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Legal order of succession despite testament – challenging the passing over of a person entitled to a compulsory portion

If the testator does not draw up a testament, the legal order of succession takes effect, which means that the estate is passed onto the relations, primarily the offspring and where appropriate to the spouses. However, in many cases, testators will have a considerable interest in deviating from the legal order of succession and distributing their estates in a manner they determine themselves. Besides this, in many cases, the intention is to organize other aspects besides the distribution of assets, for instance, arranging for the execution of a will to protect underage or disabled offspring. A testament must be drawn up for all of these cases. But even when drawing up a testament there are conceivable cases in which the legal order of succession nevertheless takes effect and structuring wishes that the testator generally gave careful consideration come to nothing.

This is dramatically illustrated by the current ruling by the Higher Regional Court of Stuttgart on 14 May 2018 (8 W 340/16). Prior to his death, the testator had appointed his five children from previous marriages as his heirs. When he died in December 2015, his wife at the time was pregnant. The child was born in June 2016. The wife challenged the testament on behalf of her child with the argument that the testator had ignored her child’s right to a compulsory portion. This ruling is remarkable in two respects. Firstly, Section 2079 clause 2 of Germany’s Civil Code provides that a challenge is not possible if it is reasonable to assume that the testator would have made the deposition even if he/she had known the circumstances providing grounds for the challenge. This point was a matter of heated disagreement for the parties involved. The Higher Regional Court considered the challenge to be valid although the testator knew of the pregnancy! This shows how important it is to get the wording of testaments absolutely correct in order to avoid such interpretation issues. Secondly, the Higher Regional Court has confirmed the contentious notion in case law and legal literature that the challenge consequently renders the entire testament null and void instead of leading to the fictitious inclusion in the testament of the ignored person entitled to a compulsory portion. Under some circumstances, the challenge can therefore also render important accompanying arrangements (such as the execution of the above will) invalid.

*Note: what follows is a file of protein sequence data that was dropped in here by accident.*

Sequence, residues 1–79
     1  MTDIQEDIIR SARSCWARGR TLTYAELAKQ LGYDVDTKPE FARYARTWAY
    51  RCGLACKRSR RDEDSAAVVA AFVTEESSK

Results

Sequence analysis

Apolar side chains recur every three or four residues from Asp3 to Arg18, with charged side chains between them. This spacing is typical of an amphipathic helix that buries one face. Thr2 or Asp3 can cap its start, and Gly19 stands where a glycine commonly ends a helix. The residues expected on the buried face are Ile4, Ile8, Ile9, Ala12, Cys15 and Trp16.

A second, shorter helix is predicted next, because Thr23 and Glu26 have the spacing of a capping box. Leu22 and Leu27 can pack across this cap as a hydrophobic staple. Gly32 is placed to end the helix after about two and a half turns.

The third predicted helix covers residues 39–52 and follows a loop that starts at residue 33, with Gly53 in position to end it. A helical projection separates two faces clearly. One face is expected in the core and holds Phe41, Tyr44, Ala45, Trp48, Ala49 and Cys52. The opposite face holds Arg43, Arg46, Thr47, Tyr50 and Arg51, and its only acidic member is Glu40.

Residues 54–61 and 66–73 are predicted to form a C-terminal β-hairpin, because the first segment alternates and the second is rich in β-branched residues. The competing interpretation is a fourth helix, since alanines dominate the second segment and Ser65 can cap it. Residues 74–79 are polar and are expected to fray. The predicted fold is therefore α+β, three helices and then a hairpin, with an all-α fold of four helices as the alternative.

Conclusion: If another person becomes entitled to a compulsory portion after the testator draws up the testament, be it through the birth of a child or through a marriage by the testator, or if the testator becomes aware of a person entitled to a compulsory portion that he/she was not aware of when he/she drew up the testament, the testator should seek advice from a notary public in order to appreciate the structuring options with regard to the distribution of his/her assets in the event of his/her death, that correspond to his/her “last will”, and to prevent a reversion to the legal order of succession.


Dr. Herbert Buschkühle is an attorney-at-law/tax advisor/notary public/ specialist attorney for tax law/specialist attorney for inheritance law at PKF WMS Dr. Buschkühle PartG mbB Rechtsanwälte Steuerberater, co-operation partner of PKF WMS Bruns-Coppenrath & Partner mbB Wirtschaftsprüfungsgesellschaft Steuerberater Rechtsanwälte (member company of the PKF network).

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